Title: Help for the Haunted
Author: John Searles
Publisher: William Morrow (HarperCollins)
Paperback Release Date: June 15, 2014
Acquired Via: TLC Book Tours
A Boston Globe Best Crime Novel of the Year
An Entertainment Weekly Top Ten “Must List”
Winner of the American Library Association’s Alex Award
Publishers Weekly, Library Journal, and Booklist starred reviews
Sylvie Mason’s parents have an unusual occupation: helping “haunted souls” find peace. After receiving a phone call late one snowy night, they are lured to an old church on the outskirts of town, where Sylvie falls asleep in the car and is awoken by the sound of gunshots.
Orphaned on that night, Sylvie comes under the care of her reckless, distant older sister, still living in the rambling Tudor house that guards the relics of her parents’ past. As she pursues the mystery of their deaths, Sylvie’s story weaves back and forth between the time leading up to the murders and the months following, uncovering the truth of what happened that night—and the secrets that have haunted her family for years.
I don't remember signing up for the blog tour for Help for the Haunted. I mean, the book arrived at my house, and the tour date was on my calendar, but I don't have the slightest idea when it happened. I could go through my email and find out from the tour organizer, but that requires effort. Yet, despite my enormous brain fart and my subconscious somehow coming forward to put me on a tour, reading Help for the Haunted was one of the better decisions that I've ever made.
I don't read a lot of adult mysteries and/or suspense novels, so Help for the Haunted was a little out of my element. They tend to put me on edge because I hate not knowing everything going on when it goes on. Then when everything is revealed, I'm either disappointed that I was able to figure it out well ahead of time or pissed off that I didn't see it coming. And Heaven forbid something is thrown at me out of left field. Help for the Haunted did come a little out of left field, but I'm rusty on the genre, so mystery readers may get it a little more than me.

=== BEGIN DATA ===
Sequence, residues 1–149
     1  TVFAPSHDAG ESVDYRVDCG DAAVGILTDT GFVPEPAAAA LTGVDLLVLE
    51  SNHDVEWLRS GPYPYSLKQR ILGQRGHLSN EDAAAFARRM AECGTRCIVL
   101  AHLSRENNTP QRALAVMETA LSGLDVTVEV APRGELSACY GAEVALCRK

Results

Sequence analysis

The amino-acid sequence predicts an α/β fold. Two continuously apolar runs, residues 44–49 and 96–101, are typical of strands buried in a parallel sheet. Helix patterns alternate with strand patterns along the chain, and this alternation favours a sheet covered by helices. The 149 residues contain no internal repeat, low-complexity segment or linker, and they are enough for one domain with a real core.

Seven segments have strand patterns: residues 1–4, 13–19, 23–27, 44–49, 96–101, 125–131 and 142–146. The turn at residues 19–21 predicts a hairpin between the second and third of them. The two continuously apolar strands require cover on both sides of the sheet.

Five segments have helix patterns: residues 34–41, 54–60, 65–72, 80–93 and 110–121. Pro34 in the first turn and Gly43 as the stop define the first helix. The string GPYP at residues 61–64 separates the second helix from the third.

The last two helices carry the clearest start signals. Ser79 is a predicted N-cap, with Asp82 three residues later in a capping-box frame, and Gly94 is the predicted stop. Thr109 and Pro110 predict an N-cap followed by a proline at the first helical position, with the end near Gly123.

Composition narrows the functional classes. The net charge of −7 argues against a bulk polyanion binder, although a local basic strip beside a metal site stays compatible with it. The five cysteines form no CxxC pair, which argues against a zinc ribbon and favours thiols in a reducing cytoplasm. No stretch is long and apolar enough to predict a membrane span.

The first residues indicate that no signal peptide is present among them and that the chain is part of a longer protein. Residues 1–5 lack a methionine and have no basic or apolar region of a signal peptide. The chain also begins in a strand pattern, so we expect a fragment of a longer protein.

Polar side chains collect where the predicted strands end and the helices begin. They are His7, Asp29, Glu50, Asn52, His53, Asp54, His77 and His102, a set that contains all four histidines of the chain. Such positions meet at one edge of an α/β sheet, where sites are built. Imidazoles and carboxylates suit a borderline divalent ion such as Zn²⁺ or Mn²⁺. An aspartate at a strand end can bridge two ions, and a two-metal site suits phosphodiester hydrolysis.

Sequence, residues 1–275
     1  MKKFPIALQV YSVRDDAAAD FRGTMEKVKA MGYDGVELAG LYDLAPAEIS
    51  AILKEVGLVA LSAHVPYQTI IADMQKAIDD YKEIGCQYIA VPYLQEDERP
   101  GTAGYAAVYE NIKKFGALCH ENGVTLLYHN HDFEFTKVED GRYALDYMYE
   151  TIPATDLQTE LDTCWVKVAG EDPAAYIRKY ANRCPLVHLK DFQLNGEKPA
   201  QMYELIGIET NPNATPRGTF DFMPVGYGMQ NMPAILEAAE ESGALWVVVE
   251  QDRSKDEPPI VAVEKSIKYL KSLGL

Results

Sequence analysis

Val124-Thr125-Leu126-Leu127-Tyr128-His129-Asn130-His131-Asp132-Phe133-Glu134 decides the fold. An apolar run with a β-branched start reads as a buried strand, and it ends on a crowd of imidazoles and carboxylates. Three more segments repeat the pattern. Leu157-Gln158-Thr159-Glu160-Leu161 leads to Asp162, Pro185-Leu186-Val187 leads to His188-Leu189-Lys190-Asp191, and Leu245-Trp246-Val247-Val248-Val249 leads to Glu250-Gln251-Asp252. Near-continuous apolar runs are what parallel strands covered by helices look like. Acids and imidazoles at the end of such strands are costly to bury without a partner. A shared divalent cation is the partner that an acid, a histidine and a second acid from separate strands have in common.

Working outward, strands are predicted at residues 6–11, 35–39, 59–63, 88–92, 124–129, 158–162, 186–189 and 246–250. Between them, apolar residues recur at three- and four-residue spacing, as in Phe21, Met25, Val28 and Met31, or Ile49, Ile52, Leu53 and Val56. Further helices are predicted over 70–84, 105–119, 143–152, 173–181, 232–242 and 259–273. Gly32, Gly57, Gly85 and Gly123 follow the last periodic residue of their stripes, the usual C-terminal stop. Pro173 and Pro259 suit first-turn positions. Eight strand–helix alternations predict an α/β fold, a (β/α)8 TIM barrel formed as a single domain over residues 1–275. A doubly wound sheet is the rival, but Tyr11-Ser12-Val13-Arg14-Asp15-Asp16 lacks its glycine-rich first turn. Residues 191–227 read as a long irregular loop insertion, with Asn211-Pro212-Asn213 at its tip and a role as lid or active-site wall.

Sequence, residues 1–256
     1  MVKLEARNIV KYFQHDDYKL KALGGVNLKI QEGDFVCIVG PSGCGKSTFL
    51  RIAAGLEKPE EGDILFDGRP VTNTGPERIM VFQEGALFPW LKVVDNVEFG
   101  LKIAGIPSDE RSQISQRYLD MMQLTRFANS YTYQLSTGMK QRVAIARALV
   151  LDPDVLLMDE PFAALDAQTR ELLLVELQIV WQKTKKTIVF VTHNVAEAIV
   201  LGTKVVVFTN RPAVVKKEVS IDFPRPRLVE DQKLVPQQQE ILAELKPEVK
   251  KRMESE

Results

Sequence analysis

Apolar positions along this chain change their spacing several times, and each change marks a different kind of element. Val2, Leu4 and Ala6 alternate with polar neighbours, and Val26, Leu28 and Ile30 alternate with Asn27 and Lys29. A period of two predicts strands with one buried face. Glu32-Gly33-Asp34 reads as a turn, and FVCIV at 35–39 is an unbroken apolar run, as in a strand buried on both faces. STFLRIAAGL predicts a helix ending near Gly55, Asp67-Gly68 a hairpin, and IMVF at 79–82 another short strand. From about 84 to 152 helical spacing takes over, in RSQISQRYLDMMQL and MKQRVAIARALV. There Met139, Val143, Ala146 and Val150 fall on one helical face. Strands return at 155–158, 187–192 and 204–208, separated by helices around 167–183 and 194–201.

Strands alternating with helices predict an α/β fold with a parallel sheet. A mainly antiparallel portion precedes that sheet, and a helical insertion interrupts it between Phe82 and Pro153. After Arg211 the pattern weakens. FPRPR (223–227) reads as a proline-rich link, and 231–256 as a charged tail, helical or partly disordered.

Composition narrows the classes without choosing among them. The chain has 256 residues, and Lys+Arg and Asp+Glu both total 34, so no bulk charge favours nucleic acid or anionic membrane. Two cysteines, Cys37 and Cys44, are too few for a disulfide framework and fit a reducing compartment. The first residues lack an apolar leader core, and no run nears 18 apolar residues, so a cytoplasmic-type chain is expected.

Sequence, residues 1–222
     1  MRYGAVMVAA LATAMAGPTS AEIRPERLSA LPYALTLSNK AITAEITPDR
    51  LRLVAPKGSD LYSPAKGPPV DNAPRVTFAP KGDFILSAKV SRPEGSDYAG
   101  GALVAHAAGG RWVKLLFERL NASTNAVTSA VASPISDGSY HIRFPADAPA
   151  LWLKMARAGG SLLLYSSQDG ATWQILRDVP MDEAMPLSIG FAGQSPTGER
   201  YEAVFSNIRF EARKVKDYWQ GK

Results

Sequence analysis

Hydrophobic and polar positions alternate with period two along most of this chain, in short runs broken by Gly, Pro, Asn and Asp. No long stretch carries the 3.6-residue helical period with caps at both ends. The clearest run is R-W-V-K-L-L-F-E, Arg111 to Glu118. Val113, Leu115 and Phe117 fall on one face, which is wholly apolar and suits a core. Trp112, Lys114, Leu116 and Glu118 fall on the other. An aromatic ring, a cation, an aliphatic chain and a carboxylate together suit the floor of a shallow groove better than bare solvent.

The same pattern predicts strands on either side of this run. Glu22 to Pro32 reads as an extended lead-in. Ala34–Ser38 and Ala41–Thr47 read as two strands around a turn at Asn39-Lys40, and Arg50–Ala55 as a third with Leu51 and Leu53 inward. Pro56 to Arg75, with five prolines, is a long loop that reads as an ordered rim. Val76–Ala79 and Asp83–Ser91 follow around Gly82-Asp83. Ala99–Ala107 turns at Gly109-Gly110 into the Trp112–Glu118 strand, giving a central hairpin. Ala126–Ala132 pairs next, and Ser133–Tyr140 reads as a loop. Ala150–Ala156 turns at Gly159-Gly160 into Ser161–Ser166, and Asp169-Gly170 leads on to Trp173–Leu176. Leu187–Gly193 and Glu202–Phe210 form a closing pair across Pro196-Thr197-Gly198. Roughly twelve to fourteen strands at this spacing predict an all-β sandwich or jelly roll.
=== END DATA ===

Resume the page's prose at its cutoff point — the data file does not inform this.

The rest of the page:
Don't take that to mean that I didn't like the book; in fact, I liked the main character a lot. Sylvie is a teenage girl who has been through hell and back with her parents dying and being placed under the guardianship of her black sheep older sister, Rose. However, she remains loyal to her father's wishes for privacy around his work and their home (be it for good or bad), and she handles the bullying at school really well. I think she is someone that teen readers could really relate to. Crossover potential, mayhaps?
As I said before, I don't read a lot of the genre, but I'm even more open to reading more after Help for the Haunted. I completely understand why some people read only mysteries because there is a certain pleasure that can be gained by the nail-biting, edge-of-your-seat experience. I don't want to spoil any plot points because the book is twisty, but I do want to say that it was well worth the chance I gave it. Mystery fans will love this book, and I can almost guarantee that other readers will enjoy it, too.
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About the Author
John Searles is the author of the national bestsellers Boy Still Missing and Strange but True. He frequently appears as a book critic on NBC’s Today show and CBS’s The Early Show. He is the Editor-at-Large of Cosmopolitan. His essays have been published in the New York Times, the Washington Post, and other national newspapers and magazines. He lives in New York City.
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Follow the Tour
Help for the Haunted Tour Schedule
Tuesday, July 15th
Books in the City
Thursday, July 17th
Monday, July 21st
Tuesday, July 22nd
Sara’s Organized Chaos
Wednesday, July 23rd
Satisfaction for Insatiable Readers
Monday, July 28th
Tuesday, July 29th
Books in the Burbs
Wednesday, July 30th
Friday, August 1st
Sweet Southern Home
Wednesday, August 6th
To satisfy FTC guidelines, I am disclosing that I received a copy of the novel from the publisher through TLC Book Tours in exchange for an unbiased review. It has in no way affected the outcome. All expressed opinions are awesome, honest, and completely my own.